Yes, cooking requires time. But I’m not advocating a five-course meal every night. Dinner can be very simple: rice and beans with a side salad; a quick stir-fry; revamped leftovers. I don’t cook anything very elaborate. I simply try to eat a healthy diet—one devoid of processed food.
Other contenders for this post title include:
- “The Case for Eating Home-Cooked Food” because it doesn’t really matter who cooks it. Typically, mom cooks dinner but dad or the kids or, if you have one, a personal chef could cook it.
- “The Case for Real Food” because the gist of this post comes down to this: Cut out processed food.
- “The Case Against Processed Food” but I try to avoid negative titles and besides, there are so many good things to say about cooking your own food, such as:
1. You save money
I can cook a vat of chana masala—enough for at least two meals for three of us—made with organic ingredients of the best quality, for about $12. At my favorite Indian restaurant, one serving of chana masala costs $13.95. (I’m usually very modest but I think mine tastes just as good.) The tomatoes I use cost the most of all the ingredients in this dish. I buy organic dry farmed Early Girl tomatoes, roast them and use them in place of store-bought canned tomatoes. They taste so so good. I could save more money by buying less expensive tomatoes but I figure compared to the average Western diet of processed food, my diet saves money overall, without compromising flavor. If you include possible future health care costs associated with a bad diet, I could stand to save even more cash.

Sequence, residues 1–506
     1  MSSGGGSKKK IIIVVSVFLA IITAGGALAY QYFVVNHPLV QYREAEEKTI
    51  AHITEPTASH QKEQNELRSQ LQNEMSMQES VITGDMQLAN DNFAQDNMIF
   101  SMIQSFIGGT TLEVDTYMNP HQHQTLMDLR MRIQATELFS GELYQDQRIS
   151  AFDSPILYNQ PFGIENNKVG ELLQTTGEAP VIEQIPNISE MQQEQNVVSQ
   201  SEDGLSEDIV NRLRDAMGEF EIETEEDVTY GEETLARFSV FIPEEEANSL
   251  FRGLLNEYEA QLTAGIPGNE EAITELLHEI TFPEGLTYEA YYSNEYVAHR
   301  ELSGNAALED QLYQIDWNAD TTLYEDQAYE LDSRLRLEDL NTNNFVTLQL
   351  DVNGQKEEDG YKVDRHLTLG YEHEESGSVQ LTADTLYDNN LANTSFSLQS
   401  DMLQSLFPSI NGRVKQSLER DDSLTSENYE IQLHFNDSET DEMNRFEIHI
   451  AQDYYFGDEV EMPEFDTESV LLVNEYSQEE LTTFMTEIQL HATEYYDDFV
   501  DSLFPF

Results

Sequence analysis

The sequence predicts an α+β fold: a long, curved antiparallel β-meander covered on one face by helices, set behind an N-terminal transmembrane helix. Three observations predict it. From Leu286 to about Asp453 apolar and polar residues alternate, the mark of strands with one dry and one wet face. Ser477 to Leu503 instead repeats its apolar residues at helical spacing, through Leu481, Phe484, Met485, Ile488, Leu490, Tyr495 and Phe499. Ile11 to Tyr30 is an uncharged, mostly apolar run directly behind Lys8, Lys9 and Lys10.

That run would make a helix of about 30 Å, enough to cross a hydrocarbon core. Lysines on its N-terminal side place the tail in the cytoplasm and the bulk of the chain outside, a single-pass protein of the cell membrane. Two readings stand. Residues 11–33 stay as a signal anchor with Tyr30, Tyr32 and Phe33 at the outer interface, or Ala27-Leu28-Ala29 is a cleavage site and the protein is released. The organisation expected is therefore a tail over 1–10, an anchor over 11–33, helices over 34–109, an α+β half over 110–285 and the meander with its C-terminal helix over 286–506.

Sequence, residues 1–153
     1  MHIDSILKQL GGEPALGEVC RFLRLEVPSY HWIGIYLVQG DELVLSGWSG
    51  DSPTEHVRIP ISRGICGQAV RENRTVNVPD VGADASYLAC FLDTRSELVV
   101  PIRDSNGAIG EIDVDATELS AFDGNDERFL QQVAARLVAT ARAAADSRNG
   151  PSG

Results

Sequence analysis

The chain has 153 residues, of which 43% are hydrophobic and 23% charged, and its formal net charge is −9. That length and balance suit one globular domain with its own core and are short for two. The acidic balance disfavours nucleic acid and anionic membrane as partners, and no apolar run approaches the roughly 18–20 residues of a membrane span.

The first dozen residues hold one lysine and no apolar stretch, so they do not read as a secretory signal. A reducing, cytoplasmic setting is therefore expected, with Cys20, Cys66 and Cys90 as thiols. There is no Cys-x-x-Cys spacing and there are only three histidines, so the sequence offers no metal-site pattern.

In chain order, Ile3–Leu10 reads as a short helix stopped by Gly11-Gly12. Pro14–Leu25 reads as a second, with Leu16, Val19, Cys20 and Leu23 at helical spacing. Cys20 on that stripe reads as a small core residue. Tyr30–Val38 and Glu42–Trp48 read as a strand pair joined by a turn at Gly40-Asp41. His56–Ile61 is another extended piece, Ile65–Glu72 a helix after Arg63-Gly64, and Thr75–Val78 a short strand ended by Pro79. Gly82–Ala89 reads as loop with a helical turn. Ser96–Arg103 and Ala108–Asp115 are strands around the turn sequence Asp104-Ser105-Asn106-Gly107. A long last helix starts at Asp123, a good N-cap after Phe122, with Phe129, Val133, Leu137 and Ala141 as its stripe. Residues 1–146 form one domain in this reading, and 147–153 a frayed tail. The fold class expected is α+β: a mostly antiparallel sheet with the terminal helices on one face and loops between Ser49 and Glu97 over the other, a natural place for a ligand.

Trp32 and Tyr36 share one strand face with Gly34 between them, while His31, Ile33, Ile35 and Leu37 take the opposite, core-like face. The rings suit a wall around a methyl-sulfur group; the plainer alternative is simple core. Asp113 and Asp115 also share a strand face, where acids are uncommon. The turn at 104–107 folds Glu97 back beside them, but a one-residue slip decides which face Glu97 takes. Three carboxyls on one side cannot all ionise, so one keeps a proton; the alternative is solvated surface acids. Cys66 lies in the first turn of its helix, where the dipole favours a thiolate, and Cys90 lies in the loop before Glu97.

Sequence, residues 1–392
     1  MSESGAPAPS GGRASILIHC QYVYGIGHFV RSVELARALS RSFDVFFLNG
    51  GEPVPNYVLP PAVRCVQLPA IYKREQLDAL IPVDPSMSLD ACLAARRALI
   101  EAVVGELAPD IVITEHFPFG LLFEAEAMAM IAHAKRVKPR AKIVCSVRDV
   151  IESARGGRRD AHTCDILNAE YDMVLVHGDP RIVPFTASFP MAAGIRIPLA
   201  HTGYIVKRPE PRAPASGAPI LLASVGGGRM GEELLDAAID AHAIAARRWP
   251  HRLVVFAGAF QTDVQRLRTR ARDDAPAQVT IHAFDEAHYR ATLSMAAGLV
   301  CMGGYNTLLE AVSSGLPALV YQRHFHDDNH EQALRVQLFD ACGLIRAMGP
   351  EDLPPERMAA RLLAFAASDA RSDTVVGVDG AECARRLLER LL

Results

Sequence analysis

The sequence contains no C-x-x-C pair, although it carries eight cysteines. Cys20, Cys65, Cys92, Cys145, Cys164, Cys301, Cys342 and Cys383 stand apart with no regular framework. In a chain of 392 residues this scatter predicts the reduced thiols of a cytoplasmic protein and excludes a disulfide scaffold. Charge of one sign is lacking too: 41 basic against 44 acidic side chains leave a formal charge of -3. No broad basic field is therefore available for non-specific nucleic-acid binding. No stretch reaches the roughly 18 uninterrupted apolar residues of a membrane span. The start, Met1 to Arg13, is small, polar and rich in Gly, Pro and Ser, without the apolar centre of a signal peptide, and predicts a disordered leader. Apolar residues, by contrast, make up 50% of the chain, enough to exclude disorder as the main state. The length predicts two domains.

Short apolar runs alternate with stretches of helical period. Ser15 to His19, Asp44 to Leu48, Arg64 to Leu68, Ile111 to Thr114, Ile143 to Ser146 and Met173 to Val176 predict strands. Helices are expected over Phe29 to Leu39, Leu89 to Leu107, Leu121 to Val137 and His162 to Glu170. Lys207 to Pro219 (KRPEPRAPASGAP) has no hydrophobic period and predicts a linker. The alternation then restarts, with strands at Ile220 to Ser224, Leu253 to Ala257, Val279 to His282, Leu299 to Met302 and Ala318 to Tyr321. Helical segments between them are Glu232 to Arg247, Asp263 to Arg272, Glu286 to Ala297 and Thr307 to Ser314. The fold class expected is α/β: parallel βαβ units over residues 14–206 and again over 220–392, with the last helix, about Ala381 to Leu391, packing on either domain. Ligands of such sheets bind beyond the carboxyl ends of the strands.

2. You waste less food
You may have produce on hand that has seen better days, or you may have picky eaters who turn their noses up at leftovers. If you learn some basic skills, you’ll know how to use up all these odds and ends. Here are just some ideas:
- Soup. You can toss just about anything into soup—leftover vegetables, pasta, rice, proteins, that spinach in the fridge that needs using up asap.
- Stir-fry. This is one of my daughter’s favorite meals. It’s like soup without the broth—just toss it all in there. All you need is a pile of vegetables, garlic, ginger (if you have it), soy sauce, some oil and some rice to go with your stir-fry if you so desire.
- Pizza. All sorts of toppings can go onto pizza. My boyfriend adds shredded carrots into his homemade pizza sauce to add sweetness—and vitamins and fiber. Have some leftover beans in the refrigerator? You could make hummus to spread on the pizza dough, top it with cheese and bake. (I think I should make this tonight…)
- Frittata. Don’t know what to do with that quarter onion you have? Or the single stalk of broccoli. Chop it all up for frittata.
- Oeufs en restes. The name of this French dish translates to “eggs in leftovers.” In a pan, heat up leftover vegetables, meat, grains, whatever, in a little broth if the food is dry, crack an egg in the middle, add salt and pepper and cook covered over medium-low heat until the egg is cooked.
3. You reduce your packaging waste
Occasionally someone on Facebook or Instagram will ask me “How can you possibly cook without producing waste?” It’s a lot easier than a lot of people realize. For example:
- I eat more fresh fruits and vegetables than I did before I went plastic-free. I can easily buy these package-free where I live.
- I cut out all snack foods—they all come in shiny plastic packages. That doesn’t mean I deprive myself of goodies. Last night during the debate, I made a couple of batches of delicious zero-waste popcorn for us all to snack on. It tastes so so good and lacks the nasty chemical-laced packaging of the microwave stuff. (Unfortunately I didn’t have any alcoholic ginger beer on hand last night…)
- I live near stores with great bulk bins and filling up my jars and bags greatly reduces my packaging waste. Yes, the food comes to the store in packaging but that packaging amounts to much less than it would if all of us bulk shoppers bought our small amounts individually packaged.
4. Your kids learn how to cook
I didn’t exactly teach my kids to cook. They just know how to cook because they’ve watched me do it over the years and have helped. My older daughter, away at college, eats pretty well (she sends me pics). Some of her friends think she’s a god because she can cook a simple stir-fry, curry, loaf of bread, pie…pretty much anything really.
5. You may eat more ethically